What is obvious is that a solution is needed. Given the weak health, education and welfare systems/institutions in Pakistan and the rampant income, wealth and power inequalities in the country, there will, for the foreseeable future, be many who will need help and we already know there are many who are willing and able to help. But lack of authentic information will continue to delay or muffle the response. This is clearly a welfare-reducing outcome. How can this be addressed?

If people do not want to step up and help out in a particular situation, that is up to them to decide. But where many are able and willing to help, and it can be the difference between life and death for those in need, not having the ability to access credible information to act on seems a really bad reason for not being able to do so. We need to think of ways of addressing this challenge.

From the Dawn, Pakistan, published Friday November 3rd, 2017.


Thinking Critically – Really?

Faisal Bari

TWO quotes from physicist Richard Feynman set the stage. “There is no learning without having to pose a question. And a question requires doubt.”

“I can live with doubt, and uncertainty. I think it’s much more interesting to live not knowing than to have answers which might be wrong.”

Higher education has been in the news in Pakistan. When rankings of universities are revealed we find none of our universities are in the top few hundred. When CSS examination results are announced, the dismal performance of candidates elicits comments about the poor quality of our higher education. When university graduates are found amongst the ranks of extremists and fundamentalists, questions are raised about what they are being taught, if anything, in universities. When the quality of research publications is talked about, our universities are found to be wanting. When internationally known academics are ranked, we get to know that we do not have even a few working out of Pakistan.

All of the above are true. The real picture is worse than what we see in these news items or analyses. The quality of teaching I see, even in some of the better-known institutions of the country, tells me that it is quite a miracle that we boast of having 200 odd institutions of higher learning ‘functioning’ in the country. An honest quality audit would force a lot of programmes to shut down. But let us leave that debate for another day.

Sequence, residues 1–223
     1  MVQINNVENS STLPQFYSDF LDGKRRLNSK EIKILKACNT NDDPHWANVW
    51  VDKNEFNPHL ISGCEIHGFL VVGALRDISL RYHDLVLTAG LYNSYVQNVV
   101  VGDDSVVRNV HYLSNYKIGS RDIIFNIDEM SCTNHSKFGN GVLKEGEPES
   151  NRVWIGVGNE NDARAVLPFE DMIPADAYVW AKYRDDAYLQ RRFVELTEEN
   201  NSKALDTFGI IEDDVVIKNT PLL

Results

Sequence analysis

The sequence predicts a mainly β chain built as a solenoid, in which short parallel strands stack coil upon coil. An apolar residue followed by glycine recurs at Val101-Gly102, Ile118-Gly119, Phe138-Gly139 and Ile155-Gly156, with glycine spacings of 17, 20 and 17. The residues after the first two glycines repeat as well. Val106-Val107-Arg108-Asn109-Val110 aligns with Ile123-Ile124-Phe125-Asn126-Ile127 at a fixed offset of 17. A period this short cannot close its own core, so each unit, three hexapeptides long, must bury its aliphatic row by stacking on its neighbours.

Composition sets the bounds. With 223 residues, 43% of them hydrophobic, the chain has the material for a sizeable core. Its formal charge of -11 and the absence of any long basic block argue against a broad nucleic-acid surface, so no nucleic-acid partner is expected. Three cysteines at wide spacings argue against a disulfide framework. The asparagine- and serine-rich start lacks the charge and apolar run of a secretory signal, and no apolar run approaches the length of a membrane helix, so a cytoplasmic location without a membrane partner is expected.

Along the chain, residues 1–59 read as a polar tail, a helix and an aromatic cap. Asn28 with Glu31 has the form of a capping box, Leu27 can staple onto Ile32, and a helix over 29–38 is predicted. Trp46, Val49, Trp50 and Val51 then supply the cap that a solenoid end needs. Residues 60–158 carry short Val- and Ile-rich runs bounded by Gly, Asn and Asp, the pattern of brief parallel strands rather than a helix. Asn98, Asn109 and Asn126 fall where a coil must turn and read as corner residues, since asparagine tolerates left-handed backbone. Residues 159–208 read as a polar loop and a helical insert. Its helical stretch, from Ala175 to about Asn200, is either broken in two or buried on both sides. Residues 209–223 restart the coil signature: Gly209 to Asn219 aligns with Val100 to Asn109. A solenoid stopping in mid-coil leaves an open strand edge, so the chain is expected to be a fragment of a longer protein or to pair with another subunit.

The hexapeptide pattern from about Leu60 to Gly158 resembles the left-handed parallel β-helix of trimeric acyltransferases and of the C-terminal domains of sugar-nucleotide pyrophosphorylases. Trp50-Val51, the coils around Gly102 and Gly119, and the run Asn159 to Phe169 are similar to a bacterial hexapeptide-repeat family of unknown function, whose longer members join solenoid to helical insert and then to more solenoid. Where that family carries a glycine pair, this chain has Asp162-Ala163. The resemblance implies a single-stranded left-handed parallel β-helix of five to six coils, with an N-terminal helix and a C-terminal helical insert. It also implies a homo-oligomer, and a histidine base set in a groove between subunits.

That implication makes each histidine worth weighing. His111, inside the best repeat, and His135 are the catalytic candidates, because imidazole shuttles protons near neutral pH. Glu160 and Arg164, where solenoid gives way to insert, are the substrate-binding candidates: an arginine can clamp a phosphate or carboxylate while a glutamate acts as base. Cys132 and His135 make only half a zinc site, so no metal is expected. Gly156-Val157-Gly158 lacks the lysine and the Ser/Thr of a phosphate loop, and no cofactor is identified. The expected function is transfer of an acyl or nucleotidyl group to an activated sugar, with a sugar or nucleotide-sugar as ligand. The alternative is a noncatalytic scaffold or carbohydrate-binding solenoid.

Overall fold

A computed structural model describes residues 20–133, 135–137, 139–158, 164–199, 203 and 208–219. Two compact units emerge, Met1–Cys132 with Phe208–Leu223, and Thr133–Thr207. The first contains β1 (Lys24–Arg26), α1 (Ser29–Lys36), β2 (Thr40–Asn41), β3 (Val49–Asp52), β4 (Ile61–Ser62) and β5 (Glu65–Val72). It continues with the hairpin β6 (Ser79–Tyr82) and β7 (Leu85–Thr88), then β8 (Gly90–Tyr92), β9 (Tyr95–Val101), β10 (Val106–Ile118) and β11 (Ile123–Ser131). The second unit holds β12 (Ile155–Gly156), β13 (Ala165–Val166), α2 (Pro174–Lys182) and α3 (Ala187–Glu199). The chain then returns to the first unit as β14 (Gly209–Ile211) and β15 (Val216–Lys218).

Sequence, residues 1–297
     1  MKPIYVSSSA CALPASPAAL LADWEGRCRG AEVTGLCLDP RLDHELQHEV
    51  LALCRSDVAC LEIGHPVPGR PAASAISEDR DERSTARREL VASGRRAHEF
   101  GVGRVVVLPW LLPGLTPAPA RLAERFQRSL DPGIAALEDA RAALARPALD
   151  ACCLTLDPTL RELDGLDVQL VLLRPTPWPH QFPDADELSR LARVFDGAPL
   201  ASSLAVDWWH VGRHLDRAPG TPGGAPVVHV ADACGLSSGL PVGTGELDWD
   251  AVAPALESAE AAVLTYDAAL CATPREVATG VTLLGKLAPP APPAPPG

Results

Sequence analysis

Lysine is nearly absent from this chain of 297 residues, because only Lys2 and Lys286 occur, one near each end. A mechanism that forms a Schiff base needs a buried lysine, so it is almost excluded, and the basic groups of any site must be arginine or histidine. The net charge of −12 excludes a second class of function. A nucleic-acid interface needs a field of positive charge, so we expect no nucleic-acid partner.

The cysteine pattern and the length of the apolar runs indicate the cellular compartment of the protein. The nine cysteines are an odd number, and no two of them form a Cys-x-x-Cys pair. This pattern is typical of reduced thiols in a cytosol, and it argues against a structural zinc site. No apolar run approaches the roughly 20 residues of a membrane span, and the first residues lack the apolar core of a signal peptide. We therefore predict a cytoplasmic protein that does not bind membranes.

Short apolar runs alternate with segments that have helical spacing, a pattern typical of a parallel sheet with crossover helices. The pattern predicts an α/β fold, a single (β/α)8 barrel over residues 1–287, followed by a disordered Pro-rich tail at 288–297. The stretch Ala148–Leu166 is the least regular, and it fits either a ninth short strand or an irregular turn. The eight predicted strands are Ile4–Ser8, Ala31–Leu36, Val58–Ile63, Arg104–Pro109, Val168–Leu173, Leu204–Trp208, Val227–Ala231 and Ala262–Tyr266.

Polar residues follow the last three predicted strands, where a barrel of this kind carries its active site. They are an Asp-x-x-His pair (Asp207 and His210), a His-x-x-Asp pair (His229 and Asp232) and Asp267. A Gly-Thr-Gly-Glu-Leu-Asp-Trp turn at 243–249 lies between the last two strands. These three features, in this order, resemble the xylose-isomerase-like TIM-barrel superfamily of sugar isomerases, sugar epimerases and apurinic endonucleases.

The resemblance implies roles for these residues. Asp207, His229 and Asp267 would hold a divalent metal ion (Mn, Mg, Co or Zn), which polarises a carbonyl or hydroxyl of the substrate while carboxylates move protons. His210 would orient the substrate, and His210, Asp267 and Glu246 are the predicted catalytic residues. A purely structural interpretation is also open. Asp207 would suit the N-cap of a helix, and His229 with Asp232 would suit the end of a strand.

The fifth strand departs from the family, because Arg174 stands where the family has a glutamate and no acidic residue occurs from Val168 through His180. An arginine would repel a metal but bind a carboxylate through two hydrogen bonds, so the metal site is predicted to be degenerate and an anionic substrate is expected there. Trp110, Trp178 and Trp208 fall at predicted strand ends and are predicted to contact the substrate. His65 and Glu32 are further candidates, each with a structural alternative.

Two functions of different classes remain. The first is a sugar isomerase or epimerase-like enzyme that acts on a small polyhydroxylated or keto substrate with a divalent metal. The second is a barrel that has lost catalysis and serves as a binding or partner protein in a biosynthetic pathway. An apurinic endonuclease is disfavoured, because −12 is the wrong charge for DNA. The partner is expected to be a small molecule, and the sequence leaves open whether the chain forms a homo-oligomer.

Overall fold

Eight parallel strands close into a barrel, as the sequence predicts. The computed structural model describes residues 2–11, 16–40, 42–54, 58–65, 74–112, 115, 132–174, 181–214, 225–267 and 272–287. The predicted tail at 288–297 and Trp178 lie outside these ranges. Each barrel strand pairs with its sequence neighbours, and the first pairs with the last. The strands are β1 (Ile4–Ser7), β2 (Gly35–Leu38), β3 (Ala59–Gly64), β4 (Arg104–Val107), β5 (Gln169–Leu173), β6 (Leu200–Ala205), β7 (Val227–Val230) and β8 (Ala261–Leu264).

The remedy, for our higher education woes, usually suggested is introduction of critical thinking: students should be able to think and engage critically with what they learn. This is an eminently sensible position to take. If our students did have the ability to engage critically with learning methods and the content of learning, we would indeed be in a very different place today. But there are some larger issues here that need attention.

The Higher Education Commission and the Planning Commission have always taken a very functional approach to what kind of education our children should have. Even a cursory look at HEC’s draft vision 2025 shows that HEC wants to produce the technicians, engineers, doctors and managers of the future. They are not too bothered about what general abilities all students should have.

A corollary of the above is also the general neglect and disdain with which the arts, humanities and social sciences are treated. Planners and policymakers do not see the value that artists, philosophers or social scientists add to society. ‘We need more engineers and not philosophy graduates’ is a popular refrain in these circles. Clearly, few understand the value of critical thinkers in this society. Most policymakers are still stuck in ‘numbers’ and ‘function’ games.

Even if we stay in the domain of the sciences, we can definitely introduce critical thinking there. But do we have the wherewithal to manage that? Feynman thought ‘doubt’ provided the foundation stone on which learning is built: it is only by trying to prove ourselves wrong that we come closer to better explanations. Is that an attitude that we, as a nation, and our policymakers and educationists, can even tolerate?

We live in a society where space, even for conversations and even amongst friends let alone strangers, has shrunk drastically over the last few decades. Censorship has been internalised by most living in this land. How do we, in such a state and society, introduce critical thinking and doubt as a foundational concept?

We cannot talk critically about religion in this society. Every society, howsoever religious its population might be, will have a few people who do not believe in God or religion. Do we have such people in Pakistan? There must be some. Do they dare come out and declare their existence? Could they come forward and have discussions about their point of views and/or beliefs with all the theists who are around? Could they express their ‘doubts’ about the beliefs of others? Could we, the rest, live with their doubts being openly expressed?